International Monetary Fund Managing Director Christine Lagarde confirmed Thursday that the Fund will cut its estimate of China's current-account surplus in a new global economic outlook next week.
This is a bid deal. (Ok, a biggish deal.)
The current account is the difference between the value of exports and imports, earnings on international investments and payments made to foreign investors, and cash transfers. It is at the core of the debate over global imbalances, the Group of 20's shorthand for excessive trade surpluses in Asia and Germany and equally boated trade shortfalls in the United States.
In 2007, China had a current-account surplus equal to 10 per cent of gross domestic product. This was unheard of, and served as strong evidence the country was suppressing the value of its currency to drive exports. (The U.S. was running a similarly large current-account deficit.)
China's surplus has narrowed over the financial crisis, in large part because global demand for its products has declined. But the government also has allowed the value of its currency to rise over the last year or so. The surplus was 2.7 per cent of GDP last year.
The IMF has been unconvinced the contraction will last. Its current estimate is the current-account surplus will expand to 7 per cent in 2015. The reason: as the global economy rebounds, exports will pick up faster than imports. The U.S., the IMF and others say China still keeps too tight a tether on its currency, and has done too little boost domestic demand.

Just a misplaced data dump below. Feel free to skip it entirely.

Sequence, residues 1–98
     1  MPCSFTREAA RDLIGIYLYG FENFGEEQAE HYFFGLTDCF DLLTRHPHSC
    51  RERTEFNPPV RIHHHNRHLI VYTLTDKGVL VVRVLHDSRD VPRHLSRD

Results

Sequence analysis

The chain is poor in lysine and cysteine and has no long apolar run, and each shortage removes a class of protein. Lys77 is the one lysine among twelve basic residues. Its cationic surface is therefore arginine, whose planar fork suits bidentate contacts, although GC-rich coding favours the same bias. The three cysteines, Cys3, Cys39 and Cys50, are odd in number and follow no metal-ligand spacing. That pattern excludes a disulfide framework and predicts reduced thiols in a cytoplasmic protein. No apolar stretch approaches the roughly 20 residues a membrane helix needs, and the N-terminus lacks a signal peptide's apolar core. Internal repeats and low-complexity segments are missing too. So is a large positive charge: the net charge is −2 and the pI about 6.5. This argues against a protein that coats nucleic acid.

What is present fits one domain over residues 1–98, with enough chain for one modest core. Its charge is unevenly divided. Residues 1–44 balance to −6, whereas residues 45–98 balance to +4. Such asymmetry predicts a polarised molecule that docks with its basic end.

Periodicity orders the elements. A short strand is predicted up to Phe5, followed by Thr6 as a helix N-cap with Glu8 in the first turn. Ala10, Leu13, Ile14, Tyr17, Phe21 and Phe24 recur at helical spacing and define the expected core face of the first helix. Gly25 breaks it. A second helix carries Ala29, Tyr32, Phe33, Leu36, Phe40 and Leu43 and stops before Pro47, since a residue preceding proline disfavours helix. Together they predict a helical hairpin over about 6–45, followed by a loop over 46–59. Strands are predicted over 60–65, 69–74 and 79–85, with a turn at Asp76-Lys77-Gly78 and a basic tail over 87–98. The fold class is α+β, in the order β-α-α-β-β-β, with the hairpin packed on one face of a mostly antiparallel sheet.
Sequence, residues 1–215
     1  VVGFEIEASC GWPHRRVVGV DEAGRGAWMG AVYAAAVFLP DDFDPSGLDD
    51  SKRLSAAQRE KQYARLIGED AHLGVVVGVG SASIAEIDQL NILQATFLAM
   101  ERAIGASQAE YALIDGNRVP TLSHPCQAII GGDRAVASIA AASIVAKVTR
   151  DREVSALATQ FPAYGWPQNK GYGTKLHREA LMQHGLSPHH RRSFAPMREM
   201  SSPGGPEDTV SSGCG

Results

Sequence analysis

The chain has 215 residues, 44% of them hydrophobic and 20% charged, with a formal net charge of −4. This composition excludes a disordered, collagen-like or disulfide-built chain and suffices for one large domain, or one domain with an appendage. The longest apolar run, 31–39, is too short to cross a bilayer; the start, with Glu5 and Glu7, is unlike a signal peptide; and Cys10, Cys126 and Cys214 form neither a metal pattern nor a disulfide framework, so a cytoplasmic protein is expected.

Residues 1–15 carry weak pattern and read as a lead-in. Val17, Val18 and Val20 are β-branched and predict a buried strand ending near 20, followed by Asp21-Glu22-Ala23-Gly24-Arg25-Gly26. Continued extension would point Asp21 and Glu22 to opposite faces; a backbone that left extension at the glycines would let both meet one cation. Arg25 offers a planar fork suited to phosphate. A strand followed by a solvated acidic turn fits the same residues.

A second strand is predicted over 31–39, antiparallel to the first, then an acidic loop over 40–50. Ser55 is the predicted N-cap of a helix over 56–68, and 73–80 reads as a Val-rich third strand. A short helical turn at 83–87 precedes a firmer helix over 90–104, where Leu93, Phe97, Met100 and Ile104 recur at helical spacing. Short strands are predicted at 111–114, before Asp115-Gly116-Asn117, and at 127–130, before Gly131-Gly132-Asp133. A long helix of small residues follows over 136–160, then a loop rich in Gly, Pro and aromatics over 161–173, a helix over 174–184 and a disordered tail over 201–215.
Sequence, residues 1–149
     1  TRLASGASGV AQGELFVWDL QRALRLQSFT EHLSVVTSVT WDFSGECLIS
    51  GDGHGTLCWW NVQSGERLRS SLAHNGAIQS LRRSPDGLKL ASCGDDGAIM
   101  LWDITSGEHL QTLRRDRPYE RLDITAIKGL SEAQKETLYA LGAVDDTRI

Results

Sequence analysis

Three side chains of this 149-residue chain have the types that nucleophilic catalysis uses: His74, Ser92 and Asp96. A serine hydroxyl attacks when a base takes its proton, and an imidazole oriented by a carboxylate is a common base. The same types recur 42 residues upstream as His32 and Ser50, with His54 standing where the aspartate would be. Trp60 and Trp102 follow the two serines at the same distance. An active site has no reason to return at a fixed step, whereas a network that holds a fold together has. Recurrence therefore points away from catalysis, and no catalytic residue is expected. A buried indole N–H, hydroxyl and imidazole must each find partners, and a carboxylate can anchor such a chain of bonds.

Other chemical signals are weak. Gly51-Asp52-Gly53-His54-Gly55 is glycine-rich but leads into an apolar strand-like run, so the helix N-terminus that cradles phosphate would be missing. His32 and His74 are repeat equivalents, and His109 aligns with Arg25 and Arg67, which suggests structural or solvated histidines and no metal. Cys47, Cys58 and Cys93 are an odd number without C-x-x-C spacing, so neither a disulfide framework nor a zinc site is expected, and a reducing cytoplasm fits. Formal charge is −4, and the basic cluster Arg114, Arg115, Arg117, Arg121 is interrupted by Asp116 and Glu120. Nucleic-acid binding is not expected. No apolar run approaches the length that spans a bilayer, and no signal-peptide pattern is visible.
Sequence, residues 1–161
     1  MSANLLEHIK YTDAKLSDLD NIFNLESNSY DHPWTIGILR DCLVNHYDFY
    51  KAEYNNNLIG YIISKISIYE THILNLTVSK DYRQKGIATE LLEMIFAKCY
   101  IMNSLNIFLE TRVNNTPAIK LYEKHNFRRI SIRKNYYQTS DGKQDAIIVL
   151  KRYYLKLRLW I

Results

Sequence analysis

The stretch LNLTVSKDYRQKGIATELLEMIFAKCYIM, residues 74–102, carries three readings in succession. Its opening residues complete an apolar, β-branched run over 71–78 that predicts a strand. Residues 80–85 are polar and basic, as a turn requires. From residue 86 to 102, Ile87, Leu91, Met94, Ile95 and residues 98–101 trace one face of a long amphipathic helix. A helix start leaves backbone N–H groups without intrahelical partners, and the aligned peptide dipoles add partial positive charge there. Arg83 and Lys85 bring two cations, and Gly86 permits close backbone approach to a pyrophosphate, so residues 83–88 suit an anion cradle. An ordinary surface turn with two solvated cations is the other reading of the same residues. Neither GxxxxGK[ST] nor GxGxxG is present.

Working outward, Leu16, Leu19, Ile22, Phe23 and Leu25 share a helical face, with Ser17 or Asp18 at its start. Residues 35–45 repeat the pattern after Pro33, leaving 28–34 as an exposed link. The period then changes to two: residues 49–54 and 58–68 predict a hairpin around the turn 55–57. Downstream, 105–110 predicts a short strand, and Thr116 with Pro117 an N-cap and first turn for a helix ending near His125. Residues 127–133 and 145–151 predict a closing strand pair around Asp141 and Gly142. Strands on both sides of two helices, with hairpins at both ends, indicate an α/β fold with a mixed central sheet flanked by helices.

But the fund is now acknowledging that the shift in China's current-account surplus could be more structural than it had assumed. Ms. Lagarde told an audience in Washington Thursday that the IMF's medium-term forecast for China's current-account surplus is now between 4 and 5 per cent.
"It's progress," she said.
A narrower current-account surplus will make it harder for China's critics to say its policies are endangering global economic stability. Harder, but not impossible.
Ms. Lagarde acknowledged that China is exporting less, and relying more on domestic demand for economic growth. However, that domestic growth is being driven by investment. Chinese consumers still aren't spending as much money as many think they could – in part because their currency is too weak. Unless Chinese demand strengthens, advanced economies will struggle to get back on their feet because they are desperate for some income from exports.
"There is more to be done," Ms. Lagarde said of China.